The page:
The Democrats have attempted to smooth the corduroy road of life, to use Will's terms, and in the process have created a monster with the tax code (and other needless laws and regulations). Going to the "flat tax" advocated by some is surely going too far in the other direction. But can't we find a happy medium somewhere?

In his final essay, "Conclusion", Will again expresses his sense of wonder at the American system: "Americans have more fun than any other people, in part because their politics--their collective conversation--is so astonishingly amicable, and, all things consider, intelligent. America's political system--the day-to-day success of it, the mundane miraculousness of it--is the big news of he modern world and, I think, of human experience."

Wednesday, October 7, 2009

The Twins Move On

Wonderfully exciting game last night between the Twins and the Tigers. Technically it was the last regular-season game, as the two teams tied for the AL Central title and needed the one-game playoff to break the tie. But it certainly had the feel of a post-season game.

Adding to the drama was the fact that it was the last regular-season baseball game in the Metrodome, as the Twins will move into their new home next year. Further drama was supplied by the Vikings game Monday night, featuring Bret Favre against his former team, the Packers. This Monday Night Football game pushed the baseball playoff game from the usual Monday to Tuesday.

Adding still more to the intrigue was that the Tigers had led the divison almost the whole season, since early May, and the Twins caught them on the final Saturday with a furious 16-4 run in September, including making up 3 games in the final 4, the first time this has ever happened.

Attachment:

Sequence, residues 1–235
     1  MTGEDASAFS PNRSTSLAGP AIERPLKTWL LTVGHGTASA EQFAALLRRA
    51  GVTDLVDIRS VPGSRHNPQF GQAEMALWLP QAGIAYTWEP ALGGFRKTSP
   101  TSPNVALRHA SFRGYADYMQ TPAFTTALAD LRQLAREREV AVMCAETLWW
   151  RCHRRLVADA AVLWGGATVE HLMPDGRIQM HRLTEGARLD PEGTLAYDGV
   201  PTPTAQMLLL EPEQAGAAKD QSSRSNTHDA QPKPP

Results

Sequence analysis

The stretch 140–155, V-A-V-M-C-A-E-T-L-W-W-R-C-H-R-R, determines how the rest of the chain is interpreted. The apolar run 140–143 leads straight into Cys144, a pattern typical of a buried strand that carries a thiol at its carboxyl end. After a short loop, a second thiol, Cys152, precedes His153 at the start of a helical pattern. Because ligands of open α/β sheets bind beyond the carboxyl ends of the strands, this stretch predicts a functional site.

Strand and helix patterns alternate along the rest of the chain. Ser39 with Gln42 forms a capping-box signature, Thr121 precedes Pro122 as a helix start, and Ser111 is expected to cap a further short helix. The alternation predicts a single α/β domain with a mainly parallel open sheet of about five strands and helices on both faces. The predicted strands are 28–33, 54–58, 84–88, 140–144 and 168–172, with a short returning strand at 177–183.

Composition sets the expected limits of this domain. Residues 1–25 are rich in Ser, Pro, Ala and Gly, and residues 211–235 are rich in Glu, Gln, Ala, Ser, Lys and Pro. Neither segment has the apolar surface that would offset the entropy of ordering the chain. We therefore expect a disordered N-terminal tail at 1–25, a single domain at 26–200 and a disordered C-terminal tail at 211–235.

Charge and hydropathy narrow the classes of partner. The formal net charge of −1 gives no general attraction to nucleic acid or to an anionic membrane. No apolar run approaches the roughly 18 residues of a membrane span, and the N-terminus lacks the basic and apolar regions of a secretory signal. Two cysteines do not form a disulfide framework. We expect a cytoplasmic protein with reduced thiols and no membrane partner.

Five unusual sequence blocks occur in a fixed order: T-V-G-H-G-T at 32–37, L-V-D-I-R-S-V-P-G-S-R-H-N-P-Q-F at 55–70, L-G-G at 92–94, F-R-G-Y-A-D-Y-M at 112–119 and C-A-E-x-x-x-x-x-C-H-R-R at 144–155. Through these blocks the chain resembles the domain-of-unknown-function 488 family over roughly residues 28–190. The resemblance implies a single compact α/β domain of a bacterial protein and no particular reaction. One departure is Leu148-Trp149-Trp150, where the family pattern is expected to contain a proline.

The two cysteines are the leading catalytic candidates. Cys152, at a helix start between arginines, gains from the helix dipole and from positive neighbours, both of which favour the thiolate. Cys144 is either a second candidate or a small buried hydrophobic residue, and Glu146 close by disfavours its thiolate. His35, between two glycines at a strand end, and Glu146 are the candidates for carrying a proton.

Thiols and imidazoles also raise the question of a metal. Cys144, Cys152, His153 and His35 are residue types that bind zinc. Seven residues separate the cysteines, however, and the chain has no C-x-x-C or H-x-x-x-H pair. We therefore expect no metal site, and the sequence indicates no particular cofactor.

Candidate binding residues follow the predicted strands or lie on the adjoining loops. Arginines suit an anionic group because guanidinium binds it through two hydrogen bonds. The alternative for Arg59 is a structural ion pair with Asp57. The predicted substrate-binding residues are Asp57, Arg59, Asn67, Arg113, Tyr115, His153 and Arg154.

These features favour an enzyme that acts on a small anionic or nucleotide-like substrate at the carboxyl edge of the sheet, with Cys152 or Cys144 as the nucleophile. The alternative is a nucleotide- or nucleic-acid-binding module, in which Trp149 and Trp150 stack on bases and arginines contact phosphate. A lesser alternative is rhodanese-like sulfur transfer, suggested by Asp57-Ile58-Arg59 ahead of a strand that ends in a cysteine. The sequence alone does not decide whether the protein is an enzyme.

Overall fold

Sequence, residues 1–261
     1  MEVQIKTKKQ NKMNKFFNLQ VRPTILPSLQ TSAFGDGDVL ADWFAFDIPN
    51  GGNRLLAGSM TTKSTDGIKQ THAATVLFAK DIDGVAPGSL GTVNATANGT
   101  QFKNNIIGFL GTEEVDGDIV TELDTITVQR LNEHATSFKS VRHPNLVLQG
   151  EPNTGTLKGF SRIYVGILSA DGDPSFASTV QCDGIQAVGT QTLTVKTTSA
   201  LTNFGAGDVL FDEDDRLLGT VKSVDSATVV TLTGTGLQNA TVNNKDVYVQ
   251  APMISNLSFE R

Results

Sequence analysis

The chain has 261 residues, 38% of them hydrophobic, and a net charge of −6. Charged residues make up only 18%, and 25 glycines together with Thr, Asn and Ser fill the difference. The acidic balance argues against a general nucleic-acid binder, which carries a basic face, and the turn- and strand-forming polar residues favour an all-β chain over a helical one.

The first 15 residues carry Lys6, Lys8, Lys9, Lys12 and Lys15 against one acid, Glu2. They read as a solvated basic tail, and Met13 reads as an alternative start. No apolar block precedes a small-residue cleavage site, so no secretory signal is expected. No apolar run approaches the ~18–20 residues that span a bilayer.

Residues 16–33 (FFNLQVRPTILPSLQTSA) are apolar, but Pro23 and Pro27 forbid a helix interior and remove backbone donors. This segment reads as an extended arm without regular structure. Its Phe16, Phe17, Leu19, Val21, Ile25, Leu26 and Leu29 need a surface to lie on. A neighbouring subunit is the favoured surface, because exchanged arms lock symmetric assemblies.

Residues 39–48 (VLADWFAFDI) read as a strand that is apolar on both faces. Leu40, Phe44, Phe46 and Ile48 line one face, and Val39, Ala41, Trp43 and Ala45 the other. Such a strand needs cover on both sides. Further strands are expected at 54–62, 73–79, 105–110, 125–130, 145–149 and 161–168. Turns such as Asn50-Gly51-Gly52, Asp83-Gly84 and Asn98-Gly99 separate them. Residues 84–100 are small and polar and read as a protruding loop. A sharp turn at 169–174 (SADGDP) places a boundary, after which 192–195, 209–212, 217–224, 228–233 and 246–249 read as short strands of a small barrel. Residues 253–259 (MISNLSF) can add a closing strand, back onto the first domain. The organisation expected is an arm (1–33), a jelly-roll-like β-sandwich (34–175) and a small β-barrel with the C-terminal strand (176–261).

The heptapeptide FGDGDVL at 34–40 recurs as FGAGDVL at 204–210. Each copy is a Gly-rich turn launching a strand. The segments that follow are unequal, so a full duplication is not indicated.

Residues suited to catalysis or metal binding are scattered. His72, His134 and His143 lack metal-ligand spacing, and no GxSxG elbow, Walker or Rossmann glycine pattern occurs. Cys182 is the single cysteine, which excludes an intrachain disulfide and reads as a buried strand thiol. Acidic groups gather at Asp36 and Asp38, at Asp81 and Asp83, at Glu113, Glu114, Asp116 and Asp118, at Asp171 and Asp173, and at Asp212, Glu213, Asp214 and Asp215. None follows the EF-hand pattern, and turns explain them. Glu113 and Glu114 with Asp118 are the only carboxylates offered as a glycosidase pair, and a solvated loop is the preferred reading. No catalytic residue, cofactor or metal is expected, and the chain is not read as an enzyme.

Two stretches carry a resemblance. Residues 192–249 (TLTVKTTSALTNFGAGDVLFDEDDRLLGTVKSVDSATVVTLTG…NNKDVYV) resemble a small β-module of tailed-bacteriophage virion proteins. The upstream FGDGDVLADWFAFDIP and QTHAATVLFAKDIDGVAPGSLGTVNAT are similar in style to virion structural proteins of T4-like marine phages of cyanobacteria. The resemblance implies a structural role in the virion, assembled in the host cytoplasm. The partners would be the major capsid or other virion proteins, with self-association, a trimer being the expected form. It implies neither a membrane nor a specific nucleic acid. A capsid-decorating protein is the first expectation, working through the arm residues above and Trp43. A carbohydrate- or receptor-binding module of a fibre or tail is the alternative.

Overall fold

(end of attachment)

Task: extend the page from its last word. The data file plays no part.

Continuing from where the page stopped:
Then there is the Tigers first-baseman Miguel Cabrera, who had provided the Tigers with a huge distraction when he got into a dometic violence situation with his wife over the last weekend of the season, getting home at 5 AM and winding up at the police station after she called the police. As it turned out, he bounced back from this and had a good game last night.

The game was back and forth the whole way, with the score even at 4-4 after 9 innings, then the 10th inning ending with the Twins' Alexi Casilla getting thrown out at home after he failed to tag up properly on a fly ball to right. His run then would have ended the game, but as it was it went into the 12th, when Casilla turned from goat to hero by driving in the winning run for the Twins, sending the packed house into a frenzy.

The Twins are quite the story. They have won the divison something like 5 out of the last 8 years, depsite being a small-market team, in an era in which small-market teams supposedly are not able to compete. How they do it should be a lesson for other teams. The Tigers, on the other hand, are loaded with high-priced stars, but couldn't quite hang in long enough to close the deal this year. Now the Twins get the Yankees in the Division Series, another team with loads of high-priced talent.

Play in the Division Series starts today with three games, the first starting at 2:30 P.M. The games are staggered so that one can watch them all. They are on TBS, which I can watch now that I have full cable (the last two years I've been limited in which post-season games I could watch). Let the games begin!

Monday, October 5, 2009

Fall Arrives

Last Wednesday night (Sept. 30th) we had the year's first frost. I am looking forward to much more color from the trees now; before all we had was the dull yellow and dull brown of the Box Elders and the Mulberries, but hints of the red and orange to come are appearing now on the Oaks and Maples.